tomli at tomli at
Wed Feb 7 12:57:18 CET 2018

> > I wonder if we can use a security coprocessor to make an attack more
> > difficult, without really relying on the security coprocessor.
> In general, I don't want such a feature in device side.  It could be a
> honey-pot.  Or, it tends to be immature like ROCA problem.

Yes, this problem is a serious concern. 

The idea is to make it fail-safe, in other words, use the security coprocessor
without trusting it, double-encrypting the already-encrypted data. If the security
coprocessor is a honeypot, the worst-case scenario is merely a denial-of-service

Unless the coprocessor is customized to launch a hardware-level exploit to the
main processor, e.g. doing a power-analysis in real time when the main chip is
being used, and saving the results inside the chip for attacks to gain physical
access later.

These security coprocessors are mainly design to prevent low-cost opening-the-chip
attacks by the competitors to copy their programs on mass-market products, rather
than cryptography applications. It looks like there are some, don't even require
an NSA^H^H^H NDA. These coprocessors may be ineffective, but I don't think they are
capable to do these types of malicious attacks.

So I don't think there is a problem on security, but in my opinion, the bigger problem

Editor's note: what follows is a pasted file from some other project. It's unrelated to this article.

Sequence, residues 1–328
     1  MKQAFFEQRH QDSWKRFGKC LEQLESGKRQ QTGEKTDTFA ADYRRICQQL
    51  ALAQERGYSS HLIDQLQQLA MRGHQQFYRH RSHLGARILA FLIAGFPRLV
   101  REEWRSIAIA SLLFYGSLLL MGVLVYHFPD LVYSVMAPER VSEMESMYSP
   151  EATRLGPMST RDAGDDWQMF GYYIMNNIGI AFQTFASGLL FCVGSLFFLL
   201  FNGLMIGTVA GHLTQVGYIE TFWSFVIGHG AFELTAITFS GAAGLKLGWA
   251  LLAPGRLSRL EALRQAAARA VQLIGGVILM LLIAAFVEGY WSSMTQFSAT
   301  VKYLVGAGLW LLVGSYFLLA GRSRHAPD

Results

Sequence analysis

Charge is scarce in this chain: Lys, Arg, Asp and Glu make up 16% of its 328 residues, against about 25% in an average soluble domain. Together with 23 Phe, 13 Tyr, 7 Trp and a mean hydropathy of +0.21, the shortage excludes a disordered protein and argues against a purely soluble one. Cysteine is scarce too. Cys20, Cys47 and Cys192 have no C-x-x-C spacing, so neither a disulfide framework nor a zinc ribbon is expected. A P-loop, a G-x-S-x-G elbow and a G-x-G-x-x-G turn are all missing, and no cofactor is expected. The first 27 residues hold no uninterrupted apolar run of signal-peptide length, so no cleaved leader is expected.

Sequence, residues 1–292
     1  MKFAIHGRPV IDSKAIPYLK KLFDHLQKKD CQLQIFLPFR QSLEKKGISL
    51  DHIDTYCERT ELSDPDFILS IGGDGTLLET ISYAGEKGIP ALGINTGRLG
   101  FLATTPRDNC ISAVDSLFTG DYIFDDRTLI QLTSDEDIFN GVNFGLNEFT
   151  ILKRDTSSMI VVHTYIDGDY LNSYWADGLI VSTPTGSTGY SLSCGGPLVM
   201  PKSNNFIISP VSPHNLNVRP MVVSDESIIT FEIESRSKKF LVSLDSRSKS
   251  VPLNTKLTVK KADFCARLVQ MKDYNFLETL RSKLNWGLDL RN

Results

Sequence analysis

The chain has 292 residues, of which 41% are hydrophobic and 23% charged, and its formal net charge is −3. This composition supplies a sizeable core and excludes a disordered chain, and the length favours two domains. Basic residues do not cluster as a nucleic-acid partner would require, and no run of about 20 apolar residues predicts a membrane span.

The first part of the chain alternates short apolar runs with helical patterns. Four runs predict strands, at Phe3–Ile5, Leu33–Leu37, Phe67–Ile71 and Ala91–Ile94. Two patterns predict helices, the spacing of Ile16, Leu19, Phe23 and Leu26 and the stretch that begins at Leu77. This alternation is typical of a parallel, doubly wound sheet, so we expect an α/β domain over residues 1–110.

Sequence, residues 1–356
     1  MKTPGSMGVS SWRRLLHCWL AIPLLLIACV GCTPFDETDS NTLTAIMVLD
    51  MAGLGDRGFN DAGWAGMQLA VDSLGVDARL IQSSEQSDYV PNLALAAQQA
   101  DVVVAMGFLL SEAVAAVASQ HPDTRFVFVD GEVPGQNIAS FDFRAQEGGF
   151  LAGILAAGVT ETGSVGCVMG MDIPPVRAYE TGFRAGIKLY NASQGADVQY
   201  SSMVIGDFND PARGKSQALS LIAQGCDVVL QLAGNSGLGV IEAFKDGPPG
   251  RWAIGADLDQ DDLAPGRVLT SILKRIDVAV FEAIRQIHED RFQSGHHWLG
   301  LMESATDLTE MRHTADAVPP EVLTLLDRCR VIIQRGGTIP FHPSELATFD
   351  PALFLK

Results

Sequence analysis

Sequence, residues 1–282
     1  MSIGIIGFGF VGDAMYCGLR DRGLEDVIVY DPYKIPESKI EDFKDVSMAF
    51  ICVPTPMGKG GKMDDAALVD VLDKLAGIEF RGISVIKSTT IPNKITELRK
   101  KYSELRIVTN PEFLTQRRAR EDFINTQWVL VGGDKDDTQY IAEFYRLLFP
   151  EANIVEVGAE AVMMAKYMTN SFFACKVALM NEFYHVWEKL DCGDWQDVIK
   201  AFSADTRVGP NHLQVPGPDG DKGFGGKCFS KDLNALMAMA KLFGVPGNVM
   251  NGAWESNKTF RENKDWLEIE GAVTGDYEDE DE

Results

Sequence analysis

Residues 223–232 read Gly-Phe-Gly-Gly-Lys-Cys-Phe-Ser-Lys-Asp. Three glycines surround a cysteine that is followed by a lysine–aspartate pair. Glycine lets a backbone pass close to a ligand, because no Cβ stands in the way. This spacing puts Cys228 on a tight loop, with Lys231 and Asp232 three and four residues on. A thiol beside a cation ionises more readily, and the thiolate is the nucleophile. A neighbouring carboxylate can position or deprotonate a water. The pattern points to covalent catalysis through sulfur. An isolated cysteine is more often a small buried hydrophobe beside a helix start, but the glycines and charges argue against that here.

is the lack of free software toolchains (no idea about their toolchains) for these
coprocessors, but it seems easy to port existing tools since they are using the same
common commodity "IP" cores like 8051. Debugging might be another problem.

You may not prefer these popentially-questionable chips, but for me I think it's worth to
investigate the good, the bad, and the ugly about them. I have a few candidates and I'm
going to report everything I have discovered.

> To achieve same, it's far better done in host side.  In OpenPGP card V3
> specification, I proposed KDF Data Object, so that host side can do more
> iteration:
> In recent Gnuk, it is already implemented.  Host side implementation is
> ready in GnuPG, just waiting next release.

Well done, this is exactly what we need. It's going to dramatically increase
our last-line resistance of brute-force attacks after the chip is opened.

> Do you mean this?
> I made prototype.  It found that the multiplier is too slow in
> Cortex-M0+.  It would be OK for ECC though.
> For FS-BB48, I designed 3D part:
> In 2016, I was unable to find better way to manufacture something like
> FS-GETA083.  At that time, using standard USB-A plug is more cheaper and
> easier.
> Thus, in 2016, my conclusion was update to FST-01G.


Happy Hacking,
Tom Li
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